Showing posts from March, 2020

Some hope for birds and wildlife impacted by the proposed Roberts Bank Terminal 2 expansion project

The Review Panel established to conduct an environmental assessment of the proposed Roberts Bank Terminal 2 Project has submitted their report to the Minister of Environment and Climate Change Canada. The report is a culmination of several years of extensive assessment, including public and indigenous consultation.  The full report is publicly viewable HERE . The good news is that the panel finds this project will be detrimental to bird, fish, wildlife and human health. The birds most impacted in the summary are Western Sandpipers and Barn Owls. Let's hope it is not too late to end the proposed expansion project. You can read a summary of their findings below:

I found a Rock Sandpiper Today!

Just when I thought the birding was really slow here. I went down to Point Roberts with Ilya and we found a Rock Sandpiper at Lighthouse Marine Park. I bird Point Roberts a lot  as it's one of my fave places to bird. I have never seen a Rock Sandpiper there despite my friends Kevin  Louth and  Ken Klimko and others finding them there. Point Roberts, although located in WA is still under the Metro Vancouver County checklist as per Nature Vancouver. It is in Whatcom County as per eBird though. It was a new bird for the point for me. Ilya and I watched it with Ken and Kathy for over an hour and then it flew towards the marina. At the marina we quickly found it again with a flock of Black Turnstones and watched it for another hour before they flew away just before sunset. Hopefully it sticks around for a few days for other birders to see. It was a very confiding bird too. Point Roberts has had some confiding rare shorebirds like Curlew Sandpiper, American Golden-Plover and Rock Sa

The many faces of a Northern Pygmy-Owl

I have been focusing more on my photography of late as birding has been pretty darn slow here. I was happy to get some nice Northern Pygmy-Owl shots recently. To be in the presence of these tiny, cute and ferocious guys are always a treat!. I watched him hunt and pounce and devour a vole. He ate the brains and left the carcass by the wayside. You gotta love these little vicious puffballs.  Here is a close up series of the many faces of a Northern Pygmy-Owl. These guys give a new meaning to "having eyes on the back of the head." Northern Pygmy-Owl are great fun to see! - Photos: Melissa Hafting

UPDATED: Critical Bog and Wildlife Habitat at the Richmond Nature Park is being destroyed by a Pipeline....

Update: City of Richmond has released a press release stating 75 trees have been cleared and 50 more to come down for this pipeline. There is no requirement for them to put in new trees to replace the ones they will take down after the pipeline is put in.  Richmond News published a story yesterday about this HERE . I finally got a response from the Mayor and Council Office. The land is on Ministry Land and no signage is required because the pipeline group is not the city or the province... absolutely no transparency City Councillor Michael Wolfe who voted against the pipeline replied to me. He was shocked that the construction had begun in secret. He went to check out the devastation himself. He took the below photo. He said that he was very upset that the Mayor and Councillors hadn't responded to me and asked senior city officials for an immediate response. The city will be drafting a press release today he also told me. At least even if they do not stop or reroute this pipe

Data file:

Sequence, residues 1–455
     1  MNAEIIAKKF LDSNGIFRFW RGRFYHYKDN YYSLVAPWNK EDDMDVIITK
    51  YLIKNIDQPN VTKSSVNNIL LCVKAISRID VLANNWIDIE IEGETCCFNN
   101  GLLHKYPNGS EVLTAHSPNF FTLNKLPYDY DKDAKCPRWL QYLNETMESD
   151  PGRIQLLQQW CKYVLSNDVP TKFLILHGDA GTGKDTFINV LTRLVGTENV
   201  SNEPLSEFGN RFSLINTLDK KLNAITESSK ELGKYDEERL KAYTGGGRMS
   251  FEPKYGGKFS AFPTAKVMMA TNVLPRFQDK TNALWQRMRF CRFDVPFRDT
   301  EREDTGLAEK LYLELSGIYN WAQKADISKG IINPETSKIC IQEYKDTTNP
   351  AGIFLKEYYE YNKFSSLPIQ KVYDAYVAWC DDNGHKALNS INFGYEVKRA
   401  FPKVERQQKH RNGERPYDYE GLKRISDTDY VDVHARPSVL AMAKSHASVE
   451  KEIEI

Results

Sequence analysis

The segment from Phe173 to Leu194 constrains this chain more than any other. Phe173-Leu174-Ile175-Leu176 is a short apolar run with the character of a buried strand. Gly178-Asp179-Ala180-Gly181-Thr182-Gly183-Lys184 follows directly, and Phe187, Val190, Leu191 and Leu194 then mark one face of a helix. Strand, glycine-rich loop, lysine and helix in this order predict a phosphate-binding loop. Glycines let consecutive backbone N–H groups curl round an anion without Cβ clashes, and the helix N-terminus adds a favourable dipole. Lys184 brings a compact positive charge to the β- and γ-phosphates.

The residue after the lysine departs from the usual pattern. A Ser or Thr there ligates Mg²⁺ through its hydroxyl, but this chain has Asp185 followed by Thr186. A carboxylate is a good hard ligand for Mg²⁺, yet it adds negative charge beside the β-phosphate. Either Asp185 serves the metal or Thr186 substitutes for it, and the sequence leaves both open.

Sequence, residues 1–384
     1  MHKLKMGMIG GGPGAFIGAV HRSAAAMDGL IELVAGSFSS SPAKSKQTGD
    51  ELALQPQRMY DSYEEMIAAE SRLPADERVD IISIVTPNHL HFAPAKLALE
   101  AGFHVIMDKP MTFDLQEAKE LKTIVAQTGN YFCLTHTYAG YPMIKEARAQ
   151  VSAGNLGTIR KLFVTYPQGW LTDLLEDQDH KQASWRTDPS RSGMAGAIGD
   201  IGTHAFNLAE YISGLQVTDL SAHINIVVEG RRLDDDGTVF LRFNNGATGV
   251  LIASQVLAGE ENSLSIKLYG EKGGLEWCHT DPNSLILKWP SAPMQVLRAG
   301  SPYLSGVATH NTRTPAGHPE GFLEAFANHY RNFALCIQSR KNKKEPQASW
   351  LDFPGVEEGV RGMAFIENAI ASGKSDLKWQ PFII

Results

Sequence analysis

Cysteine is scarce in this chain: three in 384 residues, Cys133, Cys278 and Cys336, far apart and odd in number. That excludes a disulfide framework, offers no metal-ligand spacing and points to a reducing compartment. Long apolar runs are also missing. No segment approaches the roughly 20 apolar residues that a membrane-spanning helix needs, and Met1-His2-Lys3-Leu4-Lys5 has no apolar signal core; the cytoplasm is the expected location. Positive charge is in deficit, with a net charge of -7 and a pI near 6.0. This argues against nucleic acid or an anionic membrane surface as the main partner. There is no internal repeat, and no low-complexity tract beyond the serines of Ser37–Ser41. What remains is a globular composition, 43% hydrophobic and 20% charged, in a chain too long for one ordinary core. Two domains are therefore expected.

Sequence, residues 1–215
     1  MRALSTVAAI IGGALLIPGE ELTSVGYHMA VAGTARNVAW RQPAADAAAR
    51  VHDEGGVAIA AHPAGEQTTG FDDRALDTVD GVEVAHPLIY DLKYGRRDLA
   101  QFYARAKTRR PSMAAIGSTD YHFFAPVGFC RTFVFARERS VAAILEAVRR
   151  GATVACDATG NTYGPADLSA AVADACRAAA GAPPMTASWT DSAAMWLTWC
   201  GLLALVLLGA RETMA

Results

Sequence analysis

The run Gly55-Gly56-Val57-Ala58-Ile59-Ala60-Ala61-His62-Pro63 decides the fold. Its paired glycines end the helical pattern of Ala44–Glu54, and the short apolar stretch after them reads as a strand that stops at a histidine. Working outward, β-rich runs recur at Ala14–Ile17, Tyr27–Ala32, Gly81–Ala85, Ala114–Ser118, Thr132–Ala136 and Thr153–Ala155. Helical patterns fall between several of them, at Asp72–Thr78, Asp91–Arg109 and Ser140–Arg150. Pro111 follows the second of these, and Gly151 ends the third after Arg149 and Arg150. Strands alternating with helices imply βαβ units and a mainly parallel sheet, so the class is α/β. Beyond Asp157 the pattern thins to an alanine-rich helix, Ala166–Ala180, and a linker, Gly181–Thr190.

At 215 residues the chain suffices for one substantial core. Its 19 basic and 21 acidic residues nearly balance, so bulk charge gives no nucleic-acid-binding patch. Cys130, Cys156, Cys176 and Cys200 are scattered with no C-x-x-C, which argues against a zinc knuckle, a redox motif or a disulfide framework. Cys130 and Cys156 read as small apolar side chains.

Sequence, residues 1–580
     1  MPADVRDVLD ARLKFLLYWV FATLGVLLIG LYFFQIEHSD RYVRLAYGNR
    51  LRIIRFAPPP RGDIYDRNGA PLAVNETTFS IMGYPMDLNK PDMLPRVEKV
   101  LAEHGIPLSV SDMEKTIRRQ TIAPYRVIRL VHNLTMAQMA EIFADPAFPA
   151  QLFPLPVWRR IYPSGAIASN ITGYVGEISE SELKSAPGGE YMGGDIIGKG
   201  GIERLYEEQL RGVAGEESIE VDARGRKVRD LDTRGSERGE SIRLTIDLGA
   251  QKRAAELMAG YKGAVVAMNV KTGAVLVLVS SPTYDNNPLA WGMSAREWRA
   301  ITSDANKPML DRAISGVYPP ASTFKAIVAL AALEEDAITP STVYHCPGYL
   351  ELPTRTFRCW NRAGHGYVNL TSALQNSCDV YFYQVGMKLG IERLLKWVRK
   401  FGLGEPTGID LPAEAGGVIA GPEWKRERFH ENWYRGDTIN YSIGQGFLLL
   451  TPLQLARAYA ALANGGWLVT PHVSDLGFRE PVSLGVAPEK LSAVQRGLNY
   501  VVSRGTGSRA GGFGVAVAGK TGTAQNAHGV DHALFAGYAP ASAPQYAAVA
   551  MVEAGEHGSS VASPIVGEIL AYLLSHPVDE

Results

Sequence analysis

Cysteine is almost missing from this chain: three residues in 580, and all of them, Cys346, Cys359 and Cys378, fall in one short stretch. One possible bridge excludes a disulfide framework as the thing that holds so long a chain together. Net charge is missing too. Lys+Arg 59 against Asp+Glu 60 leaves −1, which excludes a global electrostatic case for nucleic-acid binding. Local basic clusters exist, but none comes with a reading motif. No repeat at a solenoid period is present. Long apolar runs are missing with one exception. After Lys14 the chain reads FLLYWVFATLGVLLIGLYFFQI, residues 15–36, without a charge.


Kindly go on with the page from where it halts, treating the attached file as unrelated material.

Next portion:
A Great Weekend With Seaducks, Forest Birds And A Black Phoebe

Ilya and I went to Washington State this weekend. It was a gorgeous sunny day and it was so nice to get out and a break from our local routine. We first stopped at Blaine to shoot some Long-tailed Ducks near Semiahmoo Spit. We were happy to have these stunning ducks so close, which rarely happens... at least for me!. We found a young male and a female. The male had a growth on his neck. This is the one duck that I prefer in non-breeding plumage than in breeding. Immature Male (pink bill) and Adult Female LTDU in Blaine, WA - Photos: Melissa Hafting Next we went to Wylie Slough on Fir Island in Mt. Vernon. Here we saw 1 of the 2 Black Phoebes that are present there. These birds have successfully had 2 broods already. I think soon we will see this species having confirmed breeding in BC; especially with the continued warming of our planet. Wylie Slough had some other rare birds today including a Northern Waterthrush and Lesser Yellowlegs. We dipped on the Cinnam